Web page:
(Sitdown with Success is a regular feature of the Huntsville Business Journal on entrepreneurs and their keys to success. This month’s subject is Bruce Weddendorf who helped revolutionize the craft-brewing industry in Huntsville and the state.)
Just four short weeks before COVID- 19 became everyone’s daily reality, Huntsville City Mayor Tommy Battle proclaimed Feb. 14 as Straight to Ale Day.
The Valentine’s Day proclamation came on the heels of a recent accolade from RateBeer, naming the Huntsville brewery the “2019 Best Brewer in Alabama.” And what an honor it was: Five times in six years, Straight to Ale has earned the title.
Going far beyond its local and state popularity, Straight to Ale has become a nationally recognized product, as well as a hang out. The taproom is a prime destination location for out-of-town visitors.
It’s that kind of comfy place where old friends gather over a pint, business folk network and new connections are forged.
Getting its start in 2009, Straight to Ale has come a long way from its humble beginnings in the small, 500-square-foot production facility at Lincoln Mill.
In spring 2011, Straight To Ale took up residence in the former Olde Towne Brewery on Leeman Ferry Road. Still operating as a production venture, the passing of the Brewery Modernization Act in fall 2011 that included taprooms, was a business model game-changer.
Once the taproom was added, operations expanded to host a wide assortment of special events. Every night was a party of some sort and, by 2014, Straight to Ale was bursting at the seams.
School’s out forever! By summer 2016, Straight to Ale became the anchor tenant at Campus No. 805, formerly Stone Middle School, which was a part of the West Huntsville redevelopment initiative.
In its spacious, 45,000-square-foot facility, Straight to Ale has plenty to offer. There’s the taproom with more than 20 taps of Straight To Ale brews. The beer names are uniquely memorable, such as “Monkeynaut,” and “Unobtainium.” STA Operations Manager Matt Broadhurst creates the quirky label art that’s poster worthy and unforgettable.
Having a reception, business meeting or a party? There are five special event rental spaces. There’s also a small retail shop that sells STA merchandise.
For dining, there’s Ale’s Kitchen, serving up items from a variety of cultures, all made from scratch.
Bruce Weddendorf, his wife Jo, and business partners Dan Perry and Colin Austin were the trailblazers on this first wave of local craft beer; frontrunners with the taproom concept.
The idea behind Straight to Ale was to make Huntsville more fun! “We wanted to provide a product that was uniquely Huntsville,” said Weddendorf. “To get people -all kinds of people- together over beer.”
Before 2009, there wasn’t a craft beer segment to the beer market. Free the Hops paved the way by helping to pass the Gourmet Beer Bill. That was the first industry game-changer. When they helped to pass the taproom laws two years later, it completely changed Straight to Ale’s business model.
“The thing is, we really didn’t know what it would do, we didn’t understand at the time how big a part of our lives it was going to become because we were still very much a manufacturing business,” said Weddendorf. “It (the taproom) made it so much better, so much easier to reach customers and to make bonds with those customers.”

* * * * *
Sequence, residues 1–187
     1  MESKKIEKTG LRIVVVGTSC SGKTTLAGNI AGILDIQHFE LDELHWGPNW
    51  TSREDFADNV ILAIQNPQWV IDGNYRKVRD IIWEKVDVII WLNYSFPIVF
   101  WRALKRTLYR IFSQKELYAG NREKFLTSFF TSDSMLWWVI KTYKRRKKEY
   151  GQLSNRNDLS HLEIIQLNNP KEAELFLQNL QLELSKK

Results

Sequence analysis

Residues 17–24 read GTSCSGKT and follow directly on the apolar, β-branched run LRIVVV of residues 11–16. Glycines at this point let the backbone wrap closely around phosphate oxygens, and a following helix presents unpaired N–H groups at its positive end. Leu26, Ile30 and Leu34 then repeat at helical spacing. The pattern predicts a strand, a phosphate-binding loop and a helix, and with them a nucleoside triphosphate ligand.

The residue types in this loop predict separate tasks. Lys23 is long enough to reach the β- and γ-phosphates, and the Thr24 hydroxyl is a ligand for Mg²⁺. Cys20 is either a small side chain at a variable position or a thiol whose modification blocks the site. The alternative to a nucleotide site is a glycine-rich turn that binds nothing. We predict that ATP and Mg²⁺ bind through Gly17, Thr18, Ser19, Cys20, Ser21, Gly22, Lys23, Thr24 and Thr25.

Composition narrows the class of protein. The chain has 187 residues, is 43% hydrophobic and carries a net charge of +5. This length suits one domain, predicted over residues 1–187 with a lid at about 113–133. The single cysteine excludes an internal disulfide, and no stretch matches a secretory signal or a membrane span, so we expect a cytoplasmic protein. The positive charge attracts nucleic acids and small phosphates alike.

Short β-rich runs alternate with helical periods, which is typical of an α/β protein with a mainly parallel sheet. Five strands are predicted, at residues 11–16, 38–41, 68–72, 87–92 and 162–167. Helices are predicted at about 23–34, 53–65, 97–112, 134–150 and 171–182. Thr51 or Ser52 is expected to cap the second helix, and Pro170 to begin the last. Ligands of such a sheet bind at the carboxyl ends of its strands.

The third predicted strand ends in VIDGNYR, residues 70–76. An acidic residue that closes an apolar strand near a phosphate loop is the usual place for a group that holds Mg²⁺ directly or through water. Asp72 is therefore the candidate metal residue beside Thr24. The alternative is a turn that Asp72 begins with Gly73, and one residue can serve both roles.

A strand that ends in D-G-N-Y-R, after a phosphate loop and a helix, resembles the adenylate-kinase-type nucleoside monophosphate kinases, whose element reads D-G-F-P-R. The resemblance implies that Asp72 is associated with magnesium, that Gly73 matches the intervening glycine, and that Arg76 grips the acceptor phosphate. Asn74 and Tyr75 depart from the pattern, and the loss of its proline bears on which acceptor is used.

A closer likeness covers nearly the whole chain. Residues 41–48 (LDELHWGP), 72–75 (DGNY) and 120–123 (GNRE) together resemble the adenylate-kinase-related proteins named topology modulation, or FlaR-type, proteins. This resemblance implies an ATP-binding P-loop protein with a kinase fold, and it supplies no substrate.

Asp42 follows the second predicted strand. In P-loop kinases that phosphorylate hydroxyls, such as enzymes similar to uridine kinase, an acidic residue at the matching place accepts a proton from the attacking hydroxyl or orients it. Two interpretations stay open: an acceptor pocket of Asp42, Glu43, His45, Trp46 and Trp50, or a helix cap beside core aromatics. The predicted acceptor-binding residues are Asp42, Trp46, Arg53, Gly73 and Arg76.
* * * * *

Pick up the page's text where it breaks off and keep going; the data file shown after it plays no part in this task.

Since 2011, Alabama has gone from seven craft breweries to 45 in 2019. The passing of the Gourmet Beer Bill and Taproom law had the one-two punch effect of creating a new industry and adapting the brewery business model from strictly production to a business that encompassed hospitality and retail, too.
“We grew from being just manufacturing-oriented to becoming part of the hospitality industry,” said Weddendorf. “That wasn’t something we planned, but it’s been tremendously beneficial to our business and beneficial to Huntsville.”
There remains to be challenges; but challenges are something that Weddendorf sees as something to go over, go under, go around, or break the walls down. Until the recent pandemic, home alcohol delivery wasn’t an issue nor was it on the radar.
“It was something that we hadn’t noticed until COVID-19,” said Weddendorf.
Despite the current business climate and the obstacles associated with COVID 19, Straight to Ale recently completed a merger with the Tuscaloosa-based Druid City Brewing. The idea was to help Druid City bring their great beers statewide to and to expand their fun, yet tiny taproom and brewery.
And it’s been a win-win.
“This has been a great relationship and it benefited everyone,” said Weddendorf. “We are very glad that we were fortunate enough to be able to make this deal.”
Straight to Ale provides the place and the experience where people can come to relax.
“It’s all kinds of people and everyone has the beer in common; the beer and the desire to be with other people,” said Weddendorf. “It’s amazing to touch the friendships, the business relationships, and all kinds of important connections and networking that come out of this place. And that is very satisfying to see; that type of success where we’re really influencing a lot of people’s lives, we’re making their lives better.
“We’re giving them somewhere to connect with other people and it’s beneficial to the community, so I’m really proud of that.”